New Analysis Report on Brazilian Construction Industry

Research and Markets has announced the addition of the "Construction in Brazil - Key Trends and Opportunities to 2017" report to their offering.

The Brazilian construction industry recorded a CAGR of 13.16% during the review period and valued BRL398.5 billion (US$204.5 billion) in 2012. The country's high tax burden, shortage of skilled labor, poor infrastructure and strong currency made it uncompetitive and reliant on domestic market growth. Realizing the importance of modernizing infrastructure to achieve long-term growth, the government announced a BRL133 billion (US$66 billion) plan to establish a set of auctions to attract private firms into building and managing the nation's infrastructure. Construction related to the FIFA World Cup and the Olympic Games will support all construction markets going forward and infrastructure construction is projected to remain the fastest-growing construction market over the forecast period. The nation's housing deficit has created a challenging environment and is adversely affecting the poorest sections of society. Speculative buying has resulted in a competitive property market which has driven prices and effectively excluded low income families. Timetric expects the Brazilian construction industry to record a CAGR of 8.67% over the forecast period and to value BRL603.8 billion (US$309.9 billion) in 2017.

Key Highlights

  • Overall construction industry output valued BRL398.5 billion (US$204.5 billion) in 2012 recording a CAGR of 13.16% during the review period. The industry is projected to record a CAGR of 8.67% over the forecast period and value BRL603.8 billion (US$309.9 billion) in 2017.
  • Inflated operational costs are associated with doing business in Brazil, making the country's goods and services more expensive. This is referred to as the Brazil Cost. Excessive bureaucracy, high levels of corruption within the public sector, high labor costs and taxes undermine confidence and industry competitiveness.
  • Brazil's infrastructure is currently in an under developed state and this poses a key challenge to the development of the country's industrial sector.
  • Delays continue to threaten infrastructure projects. In 2012, a spate of worker strikes, spurred by demands for higher wages, halted work on key hydroelectric projects. Difficulties in obtaining environmental permits could also delay major projects. In line with Brazil's National Development Bank (BNDES), Timetric anticipates infrastructural investments totaling BRL597 billion (US$294 billion) over 2012-2015, 30% higher than the BRL461 billion (US$227 billion) invested during 2007-2010. Electricity and transport are slated to be the main investment targets.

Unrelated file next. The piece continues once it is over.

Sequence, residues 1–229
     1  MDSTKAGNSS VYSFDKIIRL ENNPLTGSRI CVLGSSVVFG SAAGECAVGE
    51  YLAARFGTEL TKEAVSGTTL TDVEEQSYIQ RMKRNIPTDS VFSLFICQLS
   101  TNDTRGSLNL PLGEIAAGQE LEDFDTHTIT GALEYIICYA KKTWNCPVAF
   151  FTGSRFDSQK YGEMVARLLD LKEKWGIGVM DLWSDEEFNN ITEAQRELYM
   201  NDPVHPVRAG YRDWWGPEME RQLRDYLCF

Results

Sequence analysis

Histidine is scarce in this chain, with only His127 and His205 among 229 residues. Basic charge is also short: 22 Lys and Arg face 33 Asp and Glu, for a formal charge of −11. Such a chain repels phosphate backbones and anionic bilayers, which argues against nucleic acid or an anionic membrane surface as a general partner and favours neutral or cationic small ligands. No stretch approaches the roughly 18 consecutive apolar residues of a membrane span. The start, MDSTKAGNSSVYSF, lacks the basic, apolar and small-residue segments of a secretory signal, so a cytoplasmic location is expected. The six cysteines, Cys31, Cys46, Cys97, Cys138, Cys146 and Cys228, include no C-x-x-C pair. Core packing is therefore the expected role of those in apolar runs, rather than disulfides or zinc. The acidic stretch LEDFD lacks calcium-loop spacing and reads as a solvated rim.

• Despite the housing market being overvalued in Brazil, house prices continue to rise at one of the highest rates in the world. The residential construction market is set to grow over the forecast period, driven by rising incomes, the increased availability of mortgages and a scarcity of affordable housing.
  • A depressed economic environment in Europe and a slowing economic growth rate in China led to a decline in the demand for Brazilian exports, and consequently a decline in production. Wage indexation, combined with lack of an educated workforce decreased the competitiveness of the Brazilian manufacturing sector. Construction activity in the industrial construction market is projected to remain relatively sluggish. Indeed, industrial construction is projected to be the slowest-growing construction category over the forecast period recording a CAGR of 7.10%.
  • Institutional construction was the smallest construction category in Brazil in 2012, with a share of 3.8% and valuing BRL15.1 billion (US$7.7 billion). A lack of a qualified workforce forces hiring of foreign human capital, unnecessary salary inflation and a decline in industry competitiveness. In October 2012, Brazil's lower house of Congress passed a National Education Plan wherein public spending on education will be raised to 10% of GDP by 2020, the highest share in the world.

Key Topics Covered:

1 Executive Summary

2 Market Overview

3 Commercial Construction

4 Industrial Construction

5 Infrastructure Construction

6 Institutional Construction

7 Residential Construction

8 Company Profile: Odebrecht S.A.

9 Company Profile: Camargo Carreo SA

10 Company Profile: Andrade Gutierrez SA

11 Company Profile: Even Construtora e Incorporadora S/A

12 Company Profile: Cyrela Brazil Realty SA Empreendimentos e Participacoes

13 Market Data Analysis

14 Appendix

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